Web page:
Ride sharing applications have taken the world by storm over the past few years. Uber and Lyft are two of the biggest, and Uber seems to be intent on world domination. Uber raked in 2 billion dollars in 2014 alone and is one of the fastest growing startups in the world. The premise is simple: take advantage of the ubiquity of smart phones to let users hail a ride from anywhere, to anywhere. Uber decentralizes the power of the taxi industry by making it possible for anyone to become a driver. Further, it lets anyone call a ride from anywhere with the push of a button using the phone’s GPS technology. With the advent of Uber, people are no longer forced to wait for a taxi to drive by, and drivers don’t need to wander until a rider is available.

Uber provides a matching service and apparently decentralizes it. P2P technology at its finest. Or is it? Several scandals have emerged out of Uber’s corporate culture as of late. Uber has become notorious both for its business practices, and for what it incentivizes and allows its drivers to do. Uber executive Emil Michael told the company to dig up dirt on a particular critical female reporter as well as other opponents. The power the company exerts over its drivers has grown from surveillance into possibly predatory lending practices. Uber’s “God Mode,” the ability to see all rides happening in any location in real time with all social data attached to each rider, has been the subject of controversy on multiple occasions. Drivers, meanwhile, have been known to hail Lyft cabs only to cancel them, so that riders would instead choose Uber. Despite these concerns, Uber has grown at an exponential rate over the past few years and is showing revenue numbers in the billions. It provides a useful service: people prefer using a location-aware app to hail a ride over calling a taxi, and it’s safe to say the demand for real-time ride-sharing isn’t going away anytime soon.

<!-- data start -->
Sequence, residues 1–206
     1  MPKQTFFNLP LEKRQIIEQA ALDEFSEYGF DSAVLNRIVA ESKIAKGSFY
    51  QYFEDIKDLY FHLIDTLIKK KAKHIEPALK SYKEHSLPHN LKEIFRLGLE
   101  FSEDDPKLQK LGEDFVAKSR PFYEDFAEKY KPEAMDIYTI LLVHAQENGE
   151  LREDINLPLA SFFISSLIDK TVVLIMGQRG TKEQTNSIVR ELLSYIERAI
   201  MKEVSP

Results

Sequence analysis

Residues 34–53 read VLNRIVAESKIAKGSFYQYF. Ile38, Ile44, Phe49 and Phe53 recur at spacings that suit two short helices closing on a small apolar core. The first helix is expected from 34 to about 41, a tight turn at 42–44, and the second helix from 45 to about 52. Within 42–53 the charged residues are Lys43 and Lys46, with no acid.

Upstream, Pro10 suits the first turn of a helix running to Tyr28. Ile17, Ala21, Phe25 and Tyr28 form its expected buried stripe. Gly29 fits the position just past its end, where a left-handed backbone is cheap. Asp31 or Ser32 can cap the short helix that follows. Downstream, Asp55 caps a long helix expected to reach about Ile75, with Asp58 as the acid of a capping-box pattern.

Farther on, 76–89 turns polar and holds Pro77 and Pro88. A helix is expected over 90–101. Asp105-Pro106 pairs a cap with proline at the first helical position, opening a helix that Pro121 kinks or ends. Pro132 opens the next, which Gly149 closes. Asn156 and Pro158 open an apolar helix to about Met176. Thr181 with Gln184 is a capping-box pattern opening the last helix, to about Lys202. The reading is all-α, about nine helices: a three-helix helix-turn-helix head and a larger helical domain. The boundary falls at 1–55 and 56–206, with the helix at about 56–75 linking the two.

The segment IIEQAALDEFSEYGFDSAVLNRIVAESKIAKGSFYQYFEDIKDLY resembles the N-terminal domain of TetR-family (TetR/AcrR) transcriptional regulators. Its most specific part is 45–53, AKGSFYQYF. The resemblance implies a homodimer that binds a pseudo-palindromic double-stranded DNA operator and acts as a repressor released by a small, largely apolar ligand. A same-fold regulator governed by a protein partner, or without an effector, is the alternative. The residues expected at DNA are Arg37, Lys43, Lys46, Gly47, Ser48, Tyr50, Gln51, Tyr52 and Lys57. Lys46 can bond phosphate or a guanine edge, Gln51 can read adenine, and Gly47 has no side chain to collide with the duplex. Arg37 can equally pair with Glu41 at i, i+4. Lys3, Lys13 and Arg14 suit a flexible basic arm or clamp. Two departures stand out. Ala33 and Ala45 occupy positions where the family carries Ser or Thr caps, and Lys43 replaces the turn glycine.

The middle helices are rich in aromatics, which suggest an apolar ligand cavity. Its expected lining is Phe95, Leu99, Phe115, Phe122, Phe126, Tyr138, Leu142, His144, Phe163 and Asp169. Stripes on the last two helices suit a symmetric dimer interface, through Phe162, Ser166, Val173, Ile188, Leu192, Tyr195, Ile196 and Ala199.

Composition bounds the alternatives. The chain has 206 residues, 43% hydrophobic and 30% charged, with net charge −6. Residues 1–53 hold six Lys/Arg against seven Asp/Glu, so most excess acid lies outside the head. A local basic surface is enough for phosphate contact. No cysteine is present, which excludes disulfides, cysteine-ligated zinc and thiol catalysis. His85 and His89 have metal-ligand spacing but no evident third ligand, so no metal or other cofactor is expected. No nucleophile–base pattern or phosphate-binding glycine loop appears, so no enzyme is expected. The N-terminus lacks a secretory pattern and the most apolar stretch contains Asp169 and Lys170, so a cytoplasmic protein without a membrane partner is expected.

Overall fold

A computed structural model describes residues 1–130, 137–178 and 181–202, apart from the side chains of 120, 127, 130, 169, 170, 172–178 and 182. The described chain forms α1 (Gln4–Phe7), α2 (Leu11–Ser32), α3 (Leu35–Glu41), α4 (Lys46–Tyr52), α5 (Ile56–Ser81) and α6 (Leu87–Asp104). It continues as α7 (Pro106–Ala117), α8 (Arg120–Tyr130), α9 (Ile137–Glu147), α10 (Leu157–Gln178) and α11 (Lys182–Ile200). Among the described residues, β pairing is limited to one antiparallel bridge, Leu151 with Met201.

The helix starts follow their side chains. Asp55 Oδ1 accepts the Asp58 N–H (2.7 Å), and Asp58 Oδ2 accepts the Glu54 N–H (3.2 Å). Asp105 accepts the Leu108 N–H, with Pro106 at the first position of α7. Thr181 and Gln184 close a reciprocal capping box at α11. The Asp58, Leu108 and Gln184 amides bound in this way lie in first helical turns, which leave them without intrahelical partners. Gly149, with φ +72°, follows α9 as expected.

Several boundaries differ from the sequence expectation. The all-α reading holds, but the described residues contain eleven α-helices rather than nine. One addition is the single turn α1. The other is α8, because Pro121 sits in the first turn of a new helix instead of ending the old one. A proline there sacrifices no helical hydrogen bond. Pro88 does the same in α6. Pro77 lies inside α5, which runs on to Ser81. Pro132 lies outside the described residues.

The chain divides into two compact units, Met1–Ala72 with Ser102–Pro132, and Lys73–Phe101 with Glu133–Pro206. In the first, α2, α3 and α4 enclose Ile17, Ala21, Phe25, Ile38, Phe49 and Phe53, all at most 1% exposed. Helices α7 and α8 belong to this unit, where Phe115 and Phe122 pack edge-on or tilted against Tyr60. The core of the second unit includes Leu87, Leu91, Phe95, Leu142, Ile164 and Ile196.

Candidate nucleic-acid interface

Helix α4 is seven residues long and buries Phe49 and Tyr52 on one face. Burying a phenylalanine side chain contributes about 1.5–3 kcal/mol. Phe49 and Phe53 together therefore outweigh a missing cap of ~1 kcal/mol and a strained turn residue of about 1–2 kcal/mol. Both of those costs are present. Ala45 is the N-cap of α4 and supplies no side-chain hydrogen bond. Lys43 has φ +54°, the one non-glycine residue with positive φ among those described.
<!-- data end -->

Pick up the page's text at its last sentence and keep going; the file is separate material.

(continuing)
But privacy invasion and the vast imbalance of power between a billion-dollar corporation and its contractors are the negatives of Uber that riders must accept when they use its service. Riders will be able to spend Zooz tokens to get rides from La’Zooz drivers. Drivers have a different app that lets them “mine” Zooz just for driving around. La’Zooz implements what they call a proof-of-movement algorithm. It uses GPS triangulation data to track whether the driver is driving. If they are driving, they’ll be able to mine Zooz currency.

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